In Her Own Words: Francoise Durr
Published January 07, 2011 12:00
Although she wasn't one of the Original Nine - she couldn't be in Houston because she was playing her Nationals in France - Algeria-born Francoise Durr was one of the original pros: In 1968 she joined Billie Jean King, Rosie Casals and Ann Jones in George McCall's National Tennis League, alongside the men. But, like her colleagues, she was aggrieved by the increasing marginalization of the women's game by the establishment around this time. So when the inaugural Virginia Slims Series circuit kicked off in San Francisco in January, 1971, the unorthodox 'Frankie' was there with bells on.
"The first Virginia Slims tournament in 1971, the BMC Invitation, was run by Larry King, Billie Jean's husband, and Jerry Diamond, who would later become CEO of the WTA but worked for a British car company at the time. The event went very well. Most of the players stayed with local families to save money... and to ensure we had some supporters. I remember one night, my doubles partner Judy Dalton and I stopped off at a diner on our way back to the place we were staying. It was 1am and we looked at one another, not knowing whether to order dinner or an early breakfast!
"Having California girls like Rosie and Billie Jean certainly helped bring people along to see the matches that week, but in the beginning of the circuit it was hard to get people to come to watch us. We had always played the tournaments with the men, who got all the attention. Bill Cutler and Ellen Merlo, executives from Philip Morris, traveled with us. They knew little about tennis, but were great marketing people, which was the key to our getting off to such a great start.
"We started our new venture with 16 players and nobody to replace one of us if anyone was sick. I remember one time in Akron, Ohio, Billie Jean and I stood in front of the Kmart and gave tickets away for the matches that night. People did not know women's tennis, but if we could get them in one time, they would usually come back. Most of the club players liked to see the women play because they could relate to playing like us!
"We certainly played in some challenging environments in those early days. One time we played in a gymnasium in Long Beach, and it was so short and low we could not go back too far, as you would hit the back wall with your racquet. If you lobbed, you would hit the ceiling. So your best bet was to rush to the net. Another time, in Oklahoma, I was very surprised at dinner to see my host greeting guests carrying brown bags with bottles of wine inside. It was a 'dry' state. Such a shock for a French person!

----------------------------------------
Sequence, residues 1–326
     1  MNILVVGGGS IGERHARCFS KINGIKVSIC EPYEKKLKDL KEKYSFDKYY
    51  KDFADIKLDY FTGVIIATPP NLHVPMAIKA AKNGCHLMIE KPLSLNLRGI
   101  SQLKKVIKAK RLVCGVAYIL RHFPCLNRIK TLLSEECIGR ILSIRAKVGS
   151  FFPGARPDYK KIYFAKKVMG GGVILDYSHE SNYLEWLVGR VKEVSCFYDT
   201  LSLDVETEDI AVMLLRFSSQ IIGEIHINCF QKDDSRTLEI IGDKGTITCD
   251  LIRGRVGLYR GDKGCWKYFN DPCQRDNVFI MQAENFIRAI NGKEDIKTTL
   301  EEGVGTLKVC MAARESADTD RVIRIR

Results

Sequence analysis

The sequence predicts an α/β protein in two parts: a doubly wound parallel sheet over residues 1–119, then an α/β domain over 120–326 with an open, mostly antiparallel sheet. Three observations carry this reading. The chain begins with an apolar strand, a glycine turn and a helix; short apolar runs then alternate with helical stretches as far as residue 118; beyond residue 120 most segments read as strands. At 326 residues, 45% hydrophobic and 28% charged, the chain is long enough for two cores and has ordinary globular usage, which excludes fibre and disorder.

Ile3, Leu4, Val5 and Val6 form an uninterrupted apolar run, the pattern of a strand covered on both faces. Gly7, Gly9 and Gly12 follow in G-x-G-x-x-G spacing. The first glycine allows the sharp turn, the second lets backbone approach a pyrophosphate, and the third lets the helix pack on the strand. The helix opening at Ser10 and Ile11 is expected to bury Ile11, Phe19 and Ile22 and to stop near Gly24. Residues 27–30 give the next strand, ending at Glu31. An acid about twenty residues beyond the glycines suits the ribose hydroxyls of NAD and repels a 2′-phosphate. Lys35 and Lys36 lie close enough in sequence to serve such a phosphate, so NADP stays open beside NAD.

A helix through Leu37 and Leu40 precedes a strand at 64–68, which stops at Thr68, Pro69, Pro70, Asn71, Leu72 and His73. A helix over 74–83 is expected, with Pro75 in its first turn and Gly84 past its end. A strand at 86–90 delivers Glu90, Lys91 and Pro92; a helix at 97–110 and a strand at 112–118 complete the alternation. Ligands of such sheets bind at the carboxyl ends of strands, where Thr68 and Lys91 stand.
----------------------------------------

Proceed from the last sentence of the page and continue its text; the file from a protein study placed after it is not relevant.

"In 1972, I was based in New York and bought an Airedale, Topspin. She traveled all over America with me. At that time we did not have people traveling with the players and it could get very lonely. She was happy to see me when I won or when I lost. The only toy she had was my racquets, and that's how she came to carry my racquets on the court when I was playing doubles. She was the first pet in the dressing room, but I had to put a headband on her saying "please do not feed me", because the players always wanted to give her cookies!
"Since we were professionals, I thought we should present ourselves very nicely on the court, and thanks to Ted Tinling, who designed different dresses for the players, we were able to do that. Once, playing on the centre court of Wimbledon, I took off my sweater after the warm-up and there was a big silence in the stadium. Teddy had made me a halter backless dress - shocking, my dear! When I played my 100th Virginia Slims tournament in Detroit in 1978, he designed a dress with 100 VS all around… you don't see things like that today, though fortunately the dresses are coming back.
"My big strength was my physical conditioning and tenacity - and with my funny grip, a lot of people could not read me well. It came about because I had started to play without a coach and practiced against my garage door or the wall at the club - the young people could not go on the court. When I finally did have a coach and a court to play on, it was too late to change my grip, even though it meant I would practically kneel or even sit on the court to hit some shots! But I used my index finger on my left hand on a lot of things. When my daughter started to play, she used her index on the racquet.
"Of course I told her this was a big no no!
"The best match I played was against Chris Evert, but funnily enough I lost it. It was the final of the Colgate Championships in 1976 in Palms Springs. She was the hardest to beat - she was playing like me… but a lot better. I really do think the game is stronger now, but all the same, I would like to see more variety such as short cross court balls, drop shots and normal volleys. Players like Justine Henin and Francesca Schiavone are too rare, but I also like to watch Kim Clijsters, and of course Federer and Nadal.
"Billie Jean played 25 tournaments that first year, and became the first female athlete to win $100,000 (I finished second on the prize money list). Two years later we created the WTA in a London hotel, and women's tennis has never been the same. Being a part of this was the most fun I ever had… and I got paid for it. We really had came a long way, baby. Vive le tennis!"
Frankie's Career Highlights:
Won French Open singles in 1967, also won seven doubles majors and four in mixed…altogether won 26 singles titles and 42 doubles titles…ranked in world's Top 10 nine times between 1965 and 1976, peaking at No.3 …played last official match at Roland Garros in 1984…later served as captain of French Fed Cup Team… inducted into International Tennis Hall of Fame in 2003.